Nail Anatomy and The Nail Enthesis


The nail is a tough hard shield on the extremities of the fingers and toes.

It has several functions including:

  • protection of the digits from trauma
  • a role in fine movements and pinching
  • a role in sensory perception
  • an emerging understanding of its role in skeletal function

The structure of the actual nail is well reported but the amazing fact that the nail is anchored to the skeleton has only recently been fully appreciated.

This anchorage is crucial for understanding nail pathology and for surgical treatments for various nail disorders.

This page focuses on the nail root or nail matrix region which is the site the nail originates.

The left panel shows the nail and the distal interphalangeal joint (DIP) on low power microscopy. The image on the right is a magnified one of the actual DIPl tendon attachment to the bone and its link to the nail. The yellow arrow shows the DIP tendon enthesis. The series of red arrows show how the tendon does not completely attach to the bone but anchors directly to the nail as shown by the red arrowheads (NR= nail root). This means that the nail is directly connected to the skeleton.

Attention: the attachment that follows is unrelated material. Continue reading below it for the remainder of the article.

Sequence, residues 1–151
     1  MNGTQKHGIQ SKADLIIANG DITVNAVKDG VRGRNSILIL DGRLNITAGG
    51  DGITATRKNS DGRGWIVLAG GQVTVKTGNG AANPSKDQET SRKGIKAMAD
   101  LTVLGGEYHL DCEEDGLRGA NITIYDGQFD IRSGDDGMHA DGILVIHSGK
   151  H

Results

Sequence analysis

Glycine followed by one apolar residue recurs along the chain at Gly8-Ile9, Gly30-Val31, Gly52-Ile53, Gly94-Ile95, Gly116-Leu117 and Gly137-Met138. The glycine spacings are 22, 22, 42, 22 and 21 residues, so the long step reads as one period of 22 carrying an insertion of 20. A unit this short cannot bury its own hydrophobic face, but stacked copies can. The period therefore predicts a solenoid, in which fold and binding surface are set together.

In 1956 Dr Verna Wright noted a strong but inexplicable link between nail disease and Psoriatic Arthritis [1]. [see also Enthesitis, Enthesopathy and the Nail in Psoriatic Arthritis]

The discovery by our team that the nail was anchored to the skeleton was a real cliffhanger [2]. It provided and explanation for both arthritis and mountaineering!


1. Wright 1956
2. The relationship between the extensor tendon enthesis and the nail in distal interphalangeal joint disease in psoriatic arthritis--a high-resolution MRI and histological study. Tan AL, Benjamin M, Toumi H, Grainger AJ, Tanner SF, Emery P, McGonagle D. Rheumatology (Oxford). 2007 Feb;46(2):253-6